Though only a handful of Boston public offices and documents would be affected by his ordinance, Yancey says it is worth fighting for, because of the hope it represents. "At least [when they're the minority party] in Congress, the Republicans always maintain the hope of taking over the Senate again, and the Democrats maintain the hope of taking over the House. They know it's not a permanent status of powerlessness."
Yancey says that even in cities where people of color are the majority, they continue to be referred to as 'minority' - implying that the term is synonymous with Latino, African-American, and Asian-American. He worries that young people won't go into politics because of it.
Leo Osgood, an assistant dean and director of the Office of Minority Education at the Massachusetts Institute of Technology in Cambridge, is concerned about that, too. Himself African-American, he says a "minority" designation leaves people feeling like "three-quarters citizens," because it says, "You have no power, you have no numbers, you have no votes. The psychological consequence is that people don't feel part of the system."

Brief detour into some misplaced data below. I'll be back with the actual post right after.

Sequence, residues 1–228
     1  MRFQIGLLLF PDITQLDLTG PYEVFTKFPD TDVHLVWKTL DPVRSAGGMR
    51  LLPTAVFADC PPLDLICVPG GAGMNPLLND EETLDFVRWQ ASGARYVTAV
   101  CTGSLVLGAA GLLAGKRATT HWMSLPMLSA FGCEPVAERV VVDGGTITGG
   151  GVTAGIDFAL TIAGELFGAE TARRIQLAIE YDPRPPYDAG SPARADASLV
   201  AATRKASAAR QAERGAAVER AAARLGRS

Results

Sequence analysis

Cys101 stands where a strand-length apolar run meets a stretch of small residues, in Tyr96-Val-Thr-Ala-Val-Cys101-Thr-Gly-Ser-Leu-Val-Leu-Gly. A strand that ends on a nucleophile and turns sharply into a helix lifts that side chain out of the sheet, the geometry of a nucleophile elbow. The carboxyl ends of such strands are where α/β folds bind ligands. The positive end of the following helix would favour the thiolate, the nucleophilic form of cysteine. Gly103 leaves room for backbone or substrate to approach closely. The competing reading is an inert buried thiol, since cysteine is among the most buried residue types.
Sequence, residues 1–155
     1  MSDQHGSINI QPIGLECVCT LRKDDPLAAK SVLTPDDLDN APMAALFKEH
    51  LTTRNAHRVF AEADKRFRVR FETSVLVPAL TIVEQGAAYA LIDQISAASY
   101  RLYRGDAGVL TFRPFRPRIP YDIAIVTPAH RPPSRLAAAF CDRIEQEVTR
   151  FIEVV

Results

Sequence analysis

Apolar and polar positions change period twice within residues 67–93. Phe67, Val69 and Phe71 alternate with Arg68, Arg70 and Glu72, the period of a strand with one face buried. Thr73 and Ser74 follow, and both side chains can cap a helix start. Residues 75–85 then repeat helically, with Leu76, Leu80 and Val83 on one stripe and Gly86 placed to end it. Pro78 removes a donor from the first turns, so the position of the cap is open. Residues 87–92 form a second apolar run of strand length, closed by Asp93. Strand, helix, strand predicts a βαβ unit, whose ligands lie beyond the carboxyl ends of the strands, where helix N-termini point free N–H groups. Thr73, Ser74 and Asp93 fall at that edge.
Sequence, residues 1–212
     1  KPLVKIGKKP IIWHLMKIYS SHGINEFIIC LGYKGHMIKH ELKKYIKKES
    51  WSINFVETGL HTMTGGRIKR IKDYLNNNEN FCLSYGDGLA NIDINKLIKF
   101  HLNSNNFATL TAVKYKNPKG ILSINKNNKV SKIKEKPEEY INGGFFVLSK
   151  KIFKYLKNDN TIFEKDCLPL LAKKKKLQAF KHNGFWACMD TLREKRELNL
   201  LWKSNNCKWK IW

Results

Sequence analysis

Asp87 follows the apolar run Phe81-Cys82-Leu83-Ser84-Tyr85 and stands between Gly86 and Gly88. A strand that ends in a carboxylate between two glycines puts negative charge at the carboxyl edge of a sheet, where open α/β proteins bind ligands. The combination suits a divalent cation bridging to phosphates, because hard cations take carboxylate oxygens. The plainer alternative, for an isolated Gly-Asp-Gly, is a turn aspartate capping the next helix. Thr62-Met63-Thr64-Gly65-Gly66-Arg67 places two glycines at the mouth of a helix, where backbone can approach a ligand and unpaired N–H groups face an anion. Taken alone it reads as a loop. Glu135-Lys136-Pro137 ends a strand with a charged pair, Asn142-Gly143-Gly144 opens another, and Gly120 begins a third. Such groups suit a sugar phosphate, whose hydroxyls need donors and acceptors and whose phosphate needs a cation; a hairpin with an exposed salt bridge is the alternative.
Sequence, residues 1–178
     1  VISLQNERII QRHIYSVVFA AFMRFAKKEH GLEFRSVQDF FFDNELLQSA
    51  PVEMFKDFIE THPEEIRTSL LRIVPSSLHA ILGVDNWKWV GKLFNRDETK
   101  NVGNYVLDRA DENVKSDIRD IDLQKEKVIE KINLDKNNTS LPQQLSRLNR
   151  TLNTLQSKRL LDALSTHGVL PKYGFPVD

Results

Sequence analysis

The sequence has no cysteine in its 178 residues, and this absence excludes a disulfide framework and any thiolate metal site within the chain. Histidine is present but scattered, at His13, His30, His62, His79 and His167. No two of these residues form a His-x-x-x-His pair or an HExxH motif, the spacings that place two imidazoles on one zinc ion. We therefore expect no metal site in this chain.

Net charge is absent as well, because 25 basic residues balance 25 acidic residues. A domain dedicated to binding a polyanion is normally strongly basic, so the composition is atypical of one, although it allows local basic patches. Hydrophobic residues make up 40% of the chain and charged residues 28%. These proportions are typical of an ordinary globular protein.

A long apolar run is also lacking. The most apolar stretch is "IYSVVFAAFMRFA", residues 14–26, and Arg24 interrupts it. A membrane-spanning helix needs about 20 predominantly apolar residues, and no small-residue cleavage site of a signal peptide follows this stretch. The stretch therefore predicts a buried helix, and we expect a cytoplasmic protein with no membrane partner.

Still, his office, which has held its name since its founding in 1978, has no plans to change it. "I just do my job," he says, "let words be words, and try to get on with it."
But Dr. Osgood wonders what will happen in, say, 2028, when according to projected census figures, European-Americans will make up less than half of the country's population. "Will 'majority' people be comfortable with the term 'minority?' " he asks. "How will they then feel?" By that time, he speculates, a Washington think tank will have coined another term to protect those in power.
But if an umbrella term for underrepresented people is now necessary for legal and funding purposes, Allen, of Boston Medical Center, wonders what that should be. Some people have suggested "diversity." "But in 'diversity,' " she asks, "who is counted? The disabled, the mentally ill - there are huge other groups that come into play, the majority of which are not [ethnic] minorities. So who will be included - and who will be shut out?"